How Smart Cities can Help Champion the Sustainability Movement
One key point that has been central to the sustainability movement has been the explosion of the world’s population in recen
Sustainability has taken its place as a leading force that drives positive change for people and places around the world. The rise of the sustainability movement has led to innovation that has spread far beyond its roots in the conservation of natural resources, and now tackles other significant challenges presented by the growth of urban areas, the worldwide need for transportation, and other factors affecting our collective carbon footprint.
One key point that has been central to the sustainability movement has been the explosion of the world’s population in recent years. The community is only expected to continue growing, and with most of that population is concentrated around urban areas, many major cities now have no choice but to make sustainability a core factor in their future plans.
Fortunately, the rise of the Internet of Things (IoT) has given forward-thinking municipalities many of the tools they need to lead the smart city revolution and blaze the path toward a sustainable world.
Smart City Infrastructure
A true smart city is built on an advanced framework of infrastructure designed to capture, manage, transmit, and process data created and used by both people and devices. Smart trash cans are an excellent example of how this technology is used in an urban setting, as they are designed with technology that can detect when they are full and alert sanitation personnel that it is ready for pickup.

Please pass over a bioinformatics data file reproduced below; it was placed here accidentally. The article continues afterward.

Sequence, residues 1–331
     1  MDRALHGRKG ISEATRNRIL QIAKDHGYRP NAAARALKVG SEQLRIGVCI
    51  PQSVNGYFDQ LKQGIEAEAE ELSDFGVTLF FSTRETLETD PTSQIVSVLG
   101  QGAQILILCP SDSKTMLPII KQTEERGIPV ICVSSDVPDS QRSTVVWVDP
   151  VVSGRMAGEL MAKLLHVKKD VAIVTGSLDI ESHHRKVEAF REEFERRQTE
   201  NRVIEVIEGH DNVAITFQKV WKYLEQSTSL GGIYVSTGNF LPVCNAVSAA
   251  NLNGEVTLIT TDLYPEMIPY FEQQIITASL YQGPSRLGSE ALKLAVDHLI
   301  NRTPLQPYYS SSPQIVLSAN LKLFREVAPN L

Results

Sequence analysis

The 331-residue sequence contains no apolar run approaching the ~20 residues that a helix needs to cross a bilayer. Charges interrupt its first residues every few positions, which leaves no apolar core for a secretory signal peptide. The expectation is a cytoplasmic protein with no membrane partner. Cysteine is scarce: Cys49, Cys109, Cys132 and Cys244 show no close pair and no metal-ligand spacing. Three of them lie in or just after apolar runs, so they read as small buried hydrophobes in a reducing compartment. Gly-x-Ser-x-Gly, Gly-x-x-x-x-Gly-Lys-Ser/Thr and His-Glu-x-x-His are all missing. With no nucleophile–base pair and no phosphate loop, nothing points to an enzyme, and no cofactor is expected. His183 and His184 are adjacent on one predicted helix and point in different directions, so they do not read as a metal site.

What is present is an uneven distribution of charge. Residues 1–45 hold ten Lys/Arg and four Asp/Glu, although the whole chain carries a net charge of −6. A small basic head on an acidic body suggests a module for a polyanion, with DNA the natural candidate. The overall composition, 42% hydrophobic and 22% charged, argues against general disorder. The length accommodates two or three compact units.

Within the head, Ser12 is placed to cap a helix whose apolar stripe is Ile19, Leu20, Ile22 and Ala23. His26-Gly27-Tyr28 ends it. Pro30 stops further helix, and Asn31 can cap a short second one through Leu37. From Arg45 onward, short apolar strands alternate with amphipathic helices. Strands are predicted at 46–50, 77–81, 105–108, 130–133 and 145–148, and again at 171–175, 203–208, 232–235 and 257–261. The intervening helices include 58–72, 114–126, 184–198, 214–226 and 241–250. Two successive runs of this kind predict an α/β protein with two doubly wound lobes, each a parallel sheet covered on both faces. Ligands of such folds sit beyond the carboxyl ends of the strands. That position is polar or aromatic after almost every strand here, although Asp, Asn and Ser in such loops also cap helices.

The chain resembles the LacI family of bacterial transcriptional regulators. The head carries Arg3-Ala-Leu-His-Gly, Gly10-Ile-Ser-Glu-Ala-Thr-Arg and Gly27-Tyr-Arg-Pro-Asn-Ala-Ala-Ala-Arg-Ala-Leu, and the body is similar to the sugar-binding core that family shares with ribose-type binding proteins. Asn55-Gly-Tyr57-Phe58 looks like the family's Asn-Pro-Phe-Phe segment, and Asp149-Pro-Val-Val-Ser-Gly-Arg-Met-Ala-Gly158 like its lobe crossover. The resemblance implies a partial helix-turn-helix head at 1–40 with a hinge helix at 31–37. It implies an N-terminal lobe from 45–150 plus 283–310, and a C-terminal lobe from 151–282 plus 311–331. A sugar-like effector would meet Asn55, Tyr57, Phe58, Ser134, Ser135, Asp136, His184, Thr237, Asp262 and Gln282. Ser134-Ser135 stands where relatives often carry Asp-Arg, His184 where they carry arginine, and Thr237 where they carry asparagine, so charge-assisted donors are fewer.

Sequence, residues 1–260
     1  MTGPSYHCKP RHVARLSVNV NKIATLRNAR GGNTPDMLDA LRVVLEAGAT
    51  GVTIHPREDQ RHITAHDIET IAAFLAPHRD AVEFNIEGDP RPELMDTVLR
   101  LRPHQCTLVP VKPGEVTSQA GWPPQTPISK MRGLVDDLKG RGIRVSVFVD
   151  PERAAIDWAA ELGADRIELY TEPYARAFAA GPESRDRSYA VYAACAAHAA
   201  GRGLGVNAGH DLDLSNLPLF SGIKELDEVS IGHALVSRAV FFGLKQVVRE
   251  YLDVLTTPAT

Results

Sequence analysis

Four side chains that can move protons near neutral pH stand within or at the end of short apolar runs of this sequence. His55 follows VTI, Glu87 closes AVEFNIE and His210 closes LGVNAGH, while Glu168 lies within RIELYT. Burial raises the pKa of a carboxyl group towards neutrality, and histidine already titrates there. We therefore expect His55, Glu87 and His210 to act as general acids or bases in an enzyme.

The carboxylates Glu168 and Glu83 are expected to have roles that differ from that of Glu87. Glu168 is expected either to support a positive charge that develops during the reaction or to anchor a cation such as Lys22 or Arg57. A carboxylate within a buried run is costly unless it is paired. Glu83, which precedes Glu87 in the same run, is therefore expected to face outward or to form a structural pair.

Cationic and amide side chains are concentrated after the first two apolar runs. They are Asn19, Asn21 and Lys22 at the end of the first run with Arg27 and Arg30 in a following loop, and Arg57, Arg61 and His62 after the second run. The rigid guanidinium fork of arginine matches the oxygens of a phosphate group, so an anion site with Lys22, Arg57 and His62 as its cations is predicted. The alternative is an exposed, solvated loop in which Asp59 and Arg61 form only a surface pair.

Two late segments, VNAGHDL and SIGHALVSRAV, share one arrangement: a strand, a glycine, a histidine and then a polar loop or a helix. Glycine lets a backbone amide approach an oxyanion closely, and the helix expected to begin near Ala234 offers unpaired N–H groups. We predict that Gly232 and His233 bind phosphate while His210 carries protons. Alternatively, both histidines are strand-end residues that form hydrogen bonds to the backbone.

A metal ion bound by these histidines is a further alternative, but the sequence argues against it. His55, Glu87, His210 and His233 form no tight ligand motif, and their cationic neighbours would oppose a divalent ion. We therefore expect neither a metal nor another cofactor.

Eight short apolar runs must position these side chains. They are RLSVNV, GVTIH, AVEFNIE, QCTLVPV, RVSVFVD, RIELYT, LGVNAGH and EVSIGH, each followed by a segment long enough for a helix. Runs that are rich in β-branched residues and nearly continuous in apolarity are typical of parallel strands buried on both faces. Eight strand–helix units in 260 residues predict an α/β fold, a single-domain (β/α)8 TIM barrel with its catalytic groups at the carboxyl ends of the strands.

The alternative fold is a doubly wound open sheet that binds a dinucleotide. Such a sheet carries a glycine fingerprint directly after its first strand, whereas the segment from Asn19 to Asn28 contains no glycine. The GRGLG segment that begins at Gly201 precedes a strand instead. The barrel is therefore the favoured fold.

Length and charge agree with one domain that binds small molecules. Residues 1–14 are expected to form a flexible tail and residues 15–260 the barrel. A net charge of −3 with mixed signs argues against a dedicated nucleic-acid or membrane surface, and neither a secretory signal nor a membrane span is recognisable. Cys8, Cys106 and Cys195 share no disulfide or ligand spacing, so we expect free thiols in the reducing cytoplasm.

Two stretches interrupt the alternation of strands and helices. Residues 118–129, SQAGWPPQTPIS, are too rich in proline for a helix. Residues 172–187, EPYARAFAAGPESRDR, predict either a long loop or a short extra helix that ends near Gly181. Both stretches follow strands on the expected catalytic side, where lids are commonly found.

Cities that have implemented this kind of technology, such as Portland, report that it has not only prevented the general overflow of trash cans but has also allowed them to eliminate routine scheduled garbage pickups in minimally-used locations. By limiting collection activity to trash cans that are full, and skipping ones that aren’t, smart cities are able to focus their time, money, and manpower more efficiently.
Managing Cities In Real-Time
There are many other ways in which smart cities can increase energy efficiency. Traffic flow can be monitored and redistributed to save on fuel consumption and road wear. Sensors can track air quality and adjust municipal emissions accordingly. Energy usage, noise levels, and many other things can be monitored and used to trigger automated responses without even needing the intervention of a human.
The Next Steps
There are, of course, challenges involved with implementing bold ideas such as a transformation into a smart city. Lack of support is often a limiting factor, especially in situations where the return on investment is not immediately apparent. This is why enthusiasm from citizens, businesses, and advocates within governments themselves is so critical to advancing this agenda, as is demonstrating both the practical need as well as the demand for such an ambitious project.
Reluctance to share data has proven to be another obstacle, as people, businesses, and governments have all shown an unwillingness to potentially compromise their own privacy by allowing this kind of information to fall outside their control. Building trust isn’t easy, but it is necessary to gain the support needed to start the ball rolling on a smart city initiative.
The advent of smart cities has created the potential to change our global culture and make sustainability an attainable future reality. With the combined support of the government, businesses, and everyday people, smart cities can play a significant role in our quest to create a sustainable world that will last for many, many years to come.
Giving and getting directions is an unsung ritual of civic life, a measure of local knowledge and belonging. But what happens when your neighborhood, your city, seem to have lost their way?